|Wu, Z - UNIV OF WISCONSIN MADISON|
Submitted to: Journal of Dairy Science
Publication Type: Peer Reviewed Journal
Publication Acceptance Date: December 15, 1999
Publication Date: N/A
Interpretive Summary: Many dairy farmers have applied more phosphorus (P) in the form of manure and fertilizer to their fields than the crops can utilize, resulting in an excessive build-up of soil P levels. This has resulted in increased P loss to streams and lakes during water runoff events, resulting in excessive algae growth and lowered water quality of fresh water bodies. Increasingly stringent federal and state regulations regarding use of P in agriculture will be introduced over the next several years, and these regulations have the potential of being very costly for some dairy producers. This research was conducted to determine if less P could be fed to dairy cows than is now currently fed, and if reduced feeding levels of P would compromise dairy cow performance. A two year lactation study was conducted. In year 1, 42 Holstein cows were used. In year 2, 12 additional cows were used, giving 53 cows that went on to finish the experiment. Two levels of dietary P were tested, with the low level ranging between .31% and .38%, and the high level between .44% and .48% of diet dry matter. There was no effect of dietary P level on milk production or reproductive performance. Blood serum levels of P were lower for the low P diet, but still within normal range. This study demonstrated that lower levels of dietary P than are typically fed by dairy producers can be fed without adverse effect on the dairy cow. A 20% reduction in dietary P will result in a 25-30% reduction in manure P. This reduction in manure P would greatly assist dairy producers in being compliant with coming regulations on P management.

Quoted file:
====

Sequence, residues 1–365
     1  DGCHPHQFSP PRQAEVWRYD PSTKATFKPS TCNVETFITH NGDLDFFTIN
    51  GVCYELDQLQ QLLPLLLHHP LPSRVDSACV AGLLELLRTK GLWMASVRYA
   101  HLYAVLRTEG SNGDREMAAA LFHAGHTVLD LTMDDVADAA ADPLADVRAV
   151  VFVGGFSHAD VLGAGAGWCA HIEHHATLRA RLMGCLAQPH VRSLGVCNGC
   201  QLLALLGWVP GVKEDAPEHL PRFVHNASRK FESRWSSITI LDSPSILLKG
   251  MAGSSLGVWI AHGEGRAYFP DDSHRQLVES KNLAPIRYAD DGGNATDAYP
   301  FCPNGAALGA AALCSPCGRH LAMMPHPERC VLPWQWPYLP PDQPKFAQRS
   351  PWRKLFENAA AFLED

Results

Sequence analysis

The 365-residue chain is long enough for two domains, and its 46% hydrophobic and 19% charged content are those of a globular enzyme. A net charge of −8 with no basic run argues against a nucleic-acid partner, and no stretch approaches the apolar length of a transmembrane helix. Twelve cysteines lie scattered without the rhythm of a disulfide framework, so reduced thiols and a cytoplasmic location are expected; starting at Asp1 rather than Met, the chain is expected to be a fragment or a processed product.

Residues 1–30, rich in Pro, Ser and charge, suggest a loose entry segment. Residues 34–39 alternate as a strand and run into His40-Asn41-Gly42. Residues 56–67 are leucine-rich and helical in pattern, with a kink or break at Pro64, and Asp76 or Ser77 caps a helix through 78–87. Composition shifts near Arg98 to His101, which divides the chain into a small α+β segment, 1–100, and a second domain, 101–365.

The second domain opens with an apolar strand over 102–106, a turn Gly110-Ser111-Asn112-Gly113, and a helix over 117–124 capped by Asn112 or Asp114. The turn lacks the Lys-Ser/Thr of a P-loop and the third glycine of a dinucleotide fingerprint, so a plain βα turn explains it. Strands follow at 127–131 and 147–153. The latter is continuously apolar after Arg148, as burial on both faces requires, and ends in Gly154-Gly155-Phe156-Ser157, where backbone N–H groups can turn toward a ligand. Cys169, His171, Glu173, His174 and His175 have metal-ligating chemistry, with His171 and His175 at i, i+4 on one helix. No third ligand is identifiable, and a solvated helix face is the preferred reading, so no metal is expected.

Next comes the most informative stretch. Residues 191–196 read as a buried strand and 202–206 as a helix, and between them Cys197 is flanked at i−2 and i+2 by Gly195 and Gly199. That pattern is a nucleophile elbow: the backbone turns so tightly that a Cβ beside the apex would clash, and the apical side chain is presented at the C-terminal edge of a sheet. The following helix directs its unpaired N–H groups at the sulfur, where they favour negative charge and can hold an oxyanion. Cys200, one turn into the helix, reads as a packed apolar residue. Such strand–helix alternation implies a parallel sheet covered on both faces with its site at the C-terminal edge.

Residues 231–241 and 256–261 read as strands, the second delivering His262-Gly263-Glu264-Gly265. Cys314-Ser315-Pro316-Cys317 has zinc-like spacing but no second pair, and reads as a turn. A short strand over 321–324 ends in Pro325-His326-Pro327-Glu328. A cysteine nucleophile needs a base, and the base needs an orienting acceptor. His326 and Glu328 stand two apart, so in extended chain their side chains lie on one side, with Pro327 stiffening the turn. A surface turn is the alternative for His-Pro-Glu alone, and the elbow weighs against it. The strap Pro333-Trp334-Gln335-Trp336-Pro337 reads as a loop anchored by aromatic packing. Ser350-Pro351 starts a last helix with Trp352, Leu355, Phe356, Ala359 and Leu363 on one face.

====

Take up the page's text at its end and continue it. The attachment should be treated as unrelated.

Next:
Technical Abstract: Performance of lactating Holstein cows in response to P supplementation was determined in a 2-yr study. Each year included confinement feeding for approximately the first two-thirds of lactation, and grazing for the remaining one-third of lactation. In yr 1, 42 cows were randomly assigned at calving to a low or high P diet. Fourteen cows from the low P group and 16 cows from the high P group continued with their treatments for a second year. Also in the second year, 12 new cows were included in the low P group and 11 in the high P group. Thus, a total of 53 cows were used in yr 2. Cows in the low P group did not receive supplemental P, while cows in the high P group were supplemented with monosodium phosphate and dicalcium phosphate. The dietary P levels were 0.38 and 0.48% during confinement feeding, and approximately 0.31 and 0.44% during grazing for the low and high P treatments, respectively. Milk yield for 308 d of lactation was 9131 1and 8860 kg in yr 1, and 9864 and 9898 kg in yr 2 for the low P and high P groups. Milk protein content averaged over the lactation was 3.05 and 3.16% for the low P and high P groups in yr 1, and was similar in yr 2. Milk content of other components was similar between treatments in both years. Blood serum P concentrations were lower for the low P than for the high P group, but were within normal ranges. Reproductive measures were similar between groups in both years. Reducing dietary P from 0.48 to O.38% for two yr did not impair milk production or reproductive performance. Formulating diets with little or no supplemental P is possible and would be more environmentally friendly and more economical.